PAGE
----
ISIS continues to threaten the homeland. “Paris isn’t far from you - we will by Allah’s permission do to your country what we did to Paris. We will kill, slaughter and burn your people. Inshallah, we will attack you very soon,” warned an ISIS narrator in a recent video.
ISIS is not limiting itself to the kind of mass shootings that Paris experienced last year. Indeed, ISIS has made it clear that it will stop at nothing to kill as many Americans as possible. Either we destroy ISIS wherever they operate or they will cause mass casualties here at home, possibly with the use of weapons of mass destruction, which they are beginning to get their hands on.
ISIS is putting its considerable resources into developing chemical weapons. And they are leveraging the expertise of former Saddam Hussein regime scientists who have joined the ISIS jihadists.
The Organization for the Prohibition of Chemical Weapons (OPCW) has reportedly confirmed that ISIS fighters have already used chemical weapons in Iraq and Syria, perhaps obtained from stockpiles they took control over in those countries. “It raises the major question of where the sulphur mustard came from,” an OPCW source was quoted by Reuters as saying. “Either they (IS) gained the ability to make it themselves, or it may have come from an undeclared stockpile overtaken by IS. Both are worrying options.”
In an important counter-strike to thwart ISIS’s ability to develop chemical weapons, U.S. Special Operation Forces have reportedly captured a top man in ISIS's chemical weapons development program. The capture took place last month in northern Iraq, according to two senior Iraqi intelligence officials cited by the Associated Press. U.S. officials have refused to identify the ISIS leader, but the Iraqi officials claimed he was formerly involved in Saddam Hussein's chemical weapons program. Based on information learned from interrogation, unnamed U.S. officials told CNN, the U.S. was able to conduct strikes against ISIS chemical weapons facilities in Iraq.
According to the CNN report, a “U.S. official said the goal is to locate, target and carry out strikes that will result in the destruction of ISIS's entire chemical weapons enterprise -- mainly mustard agent ISIS produces itself.”
Defense Secretary Ash Carter was true to his word in his testimony to the Senate Armed Services Committee last December, when he said, “This is a no-kidding force that will be doing important things.” But Carter and the military can only go so far as their commander-in-chief lets them. They can only continue doing “important things” if they are not held back by restrictive rules of engagement that could leave ISIS chemical weapons facilities in place for fear of inflicting any civilian casualties in an attack.
President Obama's belated decision to more aggressively utilize covert Special Forces on the ground to kill high level ISIS personnel, or preferably capture them for interrogation, and to disrupt its critical operations is welcomed. However, the question remains whether he is still too wary of utilizing sufficient means of enhanced interrogation of the captured ISIS personnel involved in WMD programs to learn everything we can that they know. We can only hope that, given the existential stakes in stopping ISIS from deploying weapons of mass destruction, President Obama is now willing to abandon his opposition to using enhanced interrogation techniques on captured jihadists held in secret facilities outside the United States. Perhaps, last month’s capture and useful interrogation of a top man in ISIS's chemical weapons development program is a turning point. It remains to be seen.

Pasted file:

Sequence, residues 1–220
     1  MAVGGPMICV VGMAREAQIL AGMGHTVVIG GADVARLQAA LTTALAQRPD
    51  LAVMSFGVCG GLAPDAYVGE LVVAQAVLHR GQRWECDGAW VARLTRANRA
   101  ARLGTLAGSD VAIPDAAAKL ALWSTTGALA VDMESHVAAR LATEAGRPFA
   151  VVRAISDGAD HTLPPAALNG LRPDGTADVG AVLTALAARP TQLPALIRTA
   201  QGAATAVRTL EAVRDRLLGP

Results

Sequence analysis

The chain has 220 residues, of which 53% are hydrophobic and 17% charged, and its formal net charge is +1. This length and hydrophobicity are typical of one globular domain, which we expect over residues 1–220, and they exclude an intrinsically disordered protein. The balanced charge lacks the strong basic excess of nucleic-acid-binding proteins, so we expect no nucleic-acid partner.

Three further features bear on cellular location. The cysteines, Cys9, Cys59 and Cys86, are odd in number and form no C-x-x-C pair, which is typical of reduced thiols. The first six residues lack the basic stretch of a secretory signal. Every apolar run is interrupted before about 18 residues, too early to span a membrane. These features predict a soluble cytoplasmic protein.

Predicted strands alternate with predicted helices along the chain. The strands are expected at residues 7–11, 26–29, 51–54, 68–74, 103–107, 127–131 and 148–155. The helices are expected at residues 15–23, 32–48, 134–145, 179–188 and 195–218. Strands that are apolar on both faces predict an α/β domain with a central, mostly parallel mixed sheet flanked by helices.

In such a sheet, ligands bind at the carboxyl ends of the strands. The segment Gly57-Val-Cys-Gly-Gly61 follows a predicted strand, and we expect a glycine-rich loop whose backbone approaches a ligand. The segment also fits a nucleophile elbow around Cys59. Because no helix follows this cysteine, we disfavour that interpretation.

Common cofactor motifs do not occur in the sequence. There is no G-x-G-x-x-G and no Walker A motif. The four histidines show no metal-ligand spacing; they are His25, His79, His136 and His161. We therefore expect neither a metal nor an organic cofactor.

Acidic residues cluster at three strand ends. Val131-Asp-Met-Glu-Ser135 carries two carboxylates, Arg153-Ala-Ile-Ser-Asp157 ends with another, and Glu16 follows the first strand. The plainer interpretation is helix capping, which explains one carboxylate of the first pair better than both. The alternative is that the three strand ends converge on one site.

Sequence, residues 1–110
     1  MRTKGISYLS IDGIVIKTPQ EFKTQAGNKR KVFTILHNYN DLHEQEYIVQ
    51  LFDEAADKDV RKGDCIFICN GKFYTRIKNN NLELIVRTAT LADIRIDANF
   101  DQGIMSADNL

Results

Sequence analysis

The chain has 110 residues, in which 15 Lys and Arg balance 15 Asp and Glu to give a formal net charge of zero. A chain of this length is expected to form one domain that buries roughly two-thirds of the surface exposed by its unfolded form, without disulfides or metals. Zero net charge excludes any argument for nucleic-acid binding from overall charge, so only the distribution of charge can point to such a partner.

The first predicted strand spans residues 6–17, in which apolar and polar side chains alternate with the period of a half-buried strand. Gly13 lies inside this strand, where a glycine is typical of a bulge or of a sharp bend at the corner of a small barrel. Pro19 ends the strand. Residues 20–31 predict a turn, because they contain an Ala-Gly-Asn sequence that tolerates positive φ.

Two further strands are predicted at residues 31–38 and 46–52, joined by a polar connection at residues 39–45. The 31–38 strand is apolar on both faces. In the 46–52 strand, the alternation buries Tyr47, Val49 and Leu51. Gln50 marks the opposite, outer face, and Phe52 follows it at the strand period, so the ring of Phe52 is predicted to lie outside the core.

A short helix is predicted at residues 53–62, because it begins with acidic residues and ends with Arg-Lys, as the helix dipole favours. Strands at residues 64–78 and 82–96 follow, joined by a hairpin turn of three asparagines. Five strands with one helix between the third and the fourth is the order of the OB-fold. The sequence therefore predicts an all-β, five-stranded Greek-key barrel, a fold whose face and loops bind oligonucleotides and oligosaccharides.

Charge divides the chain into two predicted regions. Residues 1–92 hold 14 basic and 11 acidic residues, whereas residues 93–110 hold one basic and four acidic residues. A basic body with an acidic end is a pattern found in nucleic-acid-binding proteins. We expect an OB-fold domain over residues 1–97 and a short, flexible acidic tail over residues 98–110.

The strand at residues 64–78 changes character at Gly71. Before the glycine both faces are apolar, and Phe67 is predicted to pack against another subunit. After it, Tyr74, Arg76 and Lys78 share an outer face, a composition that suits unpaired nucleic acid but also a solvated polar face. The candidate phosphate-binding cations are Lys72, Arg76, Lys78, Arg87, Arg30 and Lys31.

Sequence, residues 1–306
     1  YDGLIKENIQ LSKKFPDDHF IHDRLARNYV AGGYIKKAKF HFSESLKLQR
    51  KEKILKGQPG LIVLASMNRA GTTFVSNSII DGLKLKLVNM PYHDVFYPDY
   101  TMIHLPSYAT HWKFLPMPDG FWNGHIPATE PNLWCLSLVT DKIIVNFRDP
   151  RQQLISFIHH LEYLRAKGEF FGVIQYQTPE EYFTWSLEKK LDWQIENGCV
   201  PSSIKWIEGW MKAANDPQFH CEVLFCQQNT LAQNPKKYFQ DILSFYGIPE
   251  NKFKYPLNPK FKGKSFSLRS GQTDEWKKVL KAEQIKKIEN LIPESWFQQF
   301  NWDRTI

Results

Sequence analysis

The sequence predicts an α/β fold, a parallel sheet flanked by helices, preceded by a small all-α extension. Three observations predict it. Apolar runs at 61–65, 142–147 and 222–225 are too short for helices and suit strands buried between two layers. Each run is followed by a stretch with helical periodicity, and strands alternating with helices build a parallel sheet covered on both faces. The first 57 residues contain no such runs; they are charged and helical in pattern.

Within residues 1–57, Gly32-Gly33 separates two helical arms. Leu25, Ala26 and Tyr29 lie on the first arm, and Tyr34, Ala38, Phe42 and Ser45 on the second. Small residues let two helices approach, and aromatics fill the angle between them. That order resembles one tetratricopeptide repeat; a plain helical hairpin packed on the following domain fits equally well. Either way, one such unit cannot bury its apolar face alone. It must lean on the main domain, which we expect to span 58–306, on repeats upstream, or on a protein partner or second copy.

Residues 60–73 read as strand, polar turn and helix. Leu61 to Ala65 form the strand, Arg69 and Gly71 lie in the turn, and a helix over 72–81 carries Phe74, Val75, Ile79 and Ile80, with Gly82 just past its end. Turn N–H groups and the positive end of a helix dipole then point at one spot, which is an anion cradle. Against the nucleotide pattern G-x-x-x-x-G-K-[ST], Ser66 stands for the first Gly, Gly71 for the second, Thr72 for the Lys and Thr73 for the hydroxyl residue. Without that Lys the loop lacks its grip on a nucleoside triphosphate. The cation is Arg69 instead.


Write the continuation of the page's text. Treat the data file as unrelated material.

Chemical weapons are not the only WMD threat that ISIS poses. The Associated Press reported last October that ISIS is actively seeking radioactive material in the black market, particularly in Eastern Europe. "In the age of the Islamic State, it's especially terrifying to have real smugglers of nuclear bomb material apparently making connections with real buyers," said Matthew Bunn, a Harvard professor whom the Associated Press described as having studied the security of Russia's nuclear arsenal for the Clinton administration.
ISIS does not presently have the capability to produce its own nuclear bombs, although it is not out of the realm of possibility. A German journalist Jurgen Todenhofer, who spent time with ISIS fighters in northern Iraq in 2014, wrote “ISIS intends to get its hands on nuclear weapons." He characterized ISIS as a "nuclear tsunami preparing the largest religious cleansing in history."
Even before ISIS can reach that goal, it can seize or purchase enough radioactive material to produce a dirty bomb. While technically a dirty bomb is a conventional weapon, its effects if exploded in the middle of a densely populated area can be devastating.
ISIS won’t stop their campaign of death and destruction unless they are destroyed first. Degradation or containment of ISIS are insufficient. As General George Patton famously declared, “There is only one tactical principle which is not subject to change. It is to use the means at hand to inflict the maximum amount of wound, death, and destruction on the enemy in the minimum amount of time.”